Rachel Andrew's CSS Anthology

A personal review of Rachel Andrew's new book, The CSS Anthology, 101 Essential Tips, Tricks and Hacks.

As a company, we give each member of the team a �25.00 per month allowance to spend at Amazon on anything they think will benefit the company. We don't vet what people buy, it's a way of encouraging them to expand their knowledge (and our range of skills).

So, it was interesting to see Rachel Andrew's new book, The CSS Anthology, 101 Essential Tips, Tricks and Hacks, sitting on the corner of a desk. Although I've met Rachel, I had not yet read a book that she has authored (Ed: Shame on you Malarkey!) and with the absence of any reviewers' comments at Amazon, I thought I'd write a reviewlet.

With so many excellent books available recently, some of which deal with the practical issues of implementing designs with web standards, I was interested to see how this book compared, particularly against Dan Cederholm's essential Markup and Style Handbook and to what level of designer or developer it might be aimed?

The CSS Anthology, 101 Essential Tips, Tricks and Hacks

The CSS Anthology, 101 Essential Tips, Tricks and Hacks

As Rachel herself outlines in the preface, in The CSS Anthology

You won't find pages and pages of theory in this book. What you will find are solutions that will enable you to do the cool stuff today., but should also act as a starting point for your own creativity.

This book is aimed at people who need to work with CSS - web designers and developers who have seen cool CSS designs out there, but don't have the time to wade through masses of theory and debate in order to create a site. Each problem is solved with a working solution that can be implemented as-is or used as a starting point.

Chapter one is aimed fairly and squarely at CSS beginners covering simple CSS implementation such as replacing <font> tags with CSS and basic selectors, although selectors not supported by Internet Explorer are not mentioned. Chapter two moves on to simple styling text with CSS and other styling basics before Chapter three looks into styling of images.

It's not until Chapter four, which deals with navigation, that the book comes into it's own for anyone other than real CSS beginners. And while techniques such as Doug Bowman's Sliding Doors of CSS are missing, the chapter does hint at the potential of techniques including single image rollovers which should leave readers wanting to find out more.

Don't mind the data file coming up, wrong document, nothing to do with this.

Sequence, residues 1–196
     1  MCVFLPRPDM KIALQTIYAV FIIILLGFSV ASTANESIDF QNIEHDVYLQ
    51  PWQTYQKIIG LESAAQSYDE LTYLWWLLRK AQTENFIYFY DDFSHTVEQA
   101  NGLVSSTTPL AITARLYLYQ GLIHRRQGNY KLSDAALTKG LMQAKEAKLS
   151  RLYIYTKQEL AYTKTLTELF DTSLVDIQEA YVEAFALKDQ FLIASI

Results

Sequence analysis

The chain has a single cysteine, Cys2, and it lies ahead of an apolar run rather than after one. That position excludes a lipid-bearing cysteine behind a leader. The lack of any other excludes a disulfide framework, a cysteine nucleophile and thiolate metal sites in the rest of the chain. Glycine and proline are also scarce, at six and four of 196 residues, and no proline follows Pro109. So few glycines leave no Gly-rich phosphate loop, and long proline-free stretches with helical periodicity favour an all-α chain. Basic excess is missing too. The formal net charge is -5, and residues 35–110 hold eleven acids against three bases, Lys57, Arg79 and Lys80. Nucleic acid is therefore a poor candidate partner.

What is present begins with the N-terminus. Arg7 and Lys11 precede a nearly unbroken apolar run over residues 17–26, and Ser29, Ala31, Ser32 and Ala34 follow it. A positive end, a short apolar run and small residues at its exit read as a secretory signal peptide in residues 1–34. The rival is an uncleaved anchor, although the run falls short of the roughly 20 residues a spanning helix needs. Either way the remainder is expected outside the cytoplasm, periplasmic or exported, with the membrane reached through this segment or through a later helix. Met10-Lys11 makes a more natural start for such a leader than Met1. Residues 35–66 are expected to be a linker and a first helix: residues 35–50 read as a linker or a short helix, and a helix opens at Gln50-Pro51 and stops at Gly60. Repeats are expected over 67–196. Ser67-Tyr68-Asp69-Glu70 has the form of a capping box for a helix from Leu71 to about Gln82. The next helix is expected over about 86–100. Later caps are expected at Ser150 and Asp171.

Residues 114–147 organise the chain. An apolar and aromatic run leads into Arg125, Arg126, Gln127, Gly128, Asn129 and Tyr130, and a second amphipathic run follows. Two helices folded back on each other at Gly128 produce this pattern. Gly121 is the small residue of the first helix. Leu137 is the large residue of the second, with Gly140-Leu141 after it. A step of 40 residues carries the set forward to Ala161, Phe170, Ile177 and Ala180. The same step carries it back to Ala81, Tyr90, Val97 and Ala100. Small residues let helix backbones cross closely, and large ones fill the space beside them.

Throughout the middle of the book we are treated to solutions which should succeed in convincing many of the value of styling with CSS, and there are many useful solutions to problems such as <table> and <form> styling (and a sprinkling of JavaScript too) plus some solid mark-up tips. I take issue with some of Rachel's code, particularly the use of <p> tags to group form labels and elements, but overall the advice is solid and well documented.

Later Chapters pick up the pace and tackle CSS positioning and layout with clarity and some solid examples, before rounding off with advice on testing, browser specific CSS basics and some useful cross-browser solutions for problems like rounded corners.


All in all, congratulations to Rachel on a very competent book, well written and with clear, concise examples. I was particularly impressed by the book's 'pace' which serves to engage and interest before diving into more complex examples.

I am still waiting for that 'killer' CSS book, a book which neatly wraps all of the really cool things floating around on web standards blogs, but I think that The CSS Anthology is still a worthy addition to any studio's book shelves.

If you are a regular web standards blog reader, or have been working with CSS for a while, you won't find any revelations here. But if you are starting out with CSS, or like me you need a solid introduction to CSS to give to a new team member, this book is well worth buying.


Buy The CSS Anthology, 101 Essential Tips, Tricks and Hacks at Amazon.co.uk or Amazon.com.


  1. #1 On January 16, 2005 08:53 AM Graham Bancroft said:

    When can we buy 'And all that CSS Malarkey' by Andy Clarke?

  2. #2 On January 16, 2005 09:29 AM Malarkey said:

    @ Graham: It would probably be given away inside boxes of Cheerios.

  3. #3 On January 16, 2005 10:06 AM Bill Allan said:

    I agree with Graham, you are the man and what a brilliant title for such a book.

  4. #4 On January 16, 2005 11:42 AM Malarkey said:

    I wish I could find out what this says. Anyone read Arabic(?) ?

  5. #5 On January 16, 2005 11:56 AM umpa lumpa said:

    They did a review on this book in Digtal Web mag a week or so ago.

    Just an FYI but great review nonetheless

  6. #6 On January 16, 2005 11:58 AM James said:

    Can I have my book back now please? I'd like to finish reading it :-)

  7. #7 On January 16, 2005 02:35 PM Jorge Laranjo said:

    When can we buy that book?
    Is there any PDF version?

  8. #8 On January 16, 2005 03:18 PM Malarkey said:

    @ Jorge:

    You can buy The CSS Anthology at Amazon.co.uk or Amazon.com and I think that there may be a downloadable PDF of the first few chapters available from Sitepoint..

  9. #9 On January 19, 2005 12:24 AM Graham Bancroft said:

    Malarkey, Have you tried Google's wonderful translation service? ;)

    I'll hear none of that stuff about Cheerios, I'd pay at least a fiver for it.

  10. #10 On January 19, 2005 08:39 AM Graham Bancroft said:

    Come to think of it, I personally would like to see,
    'And all that design malarkey' by Andy Clarke.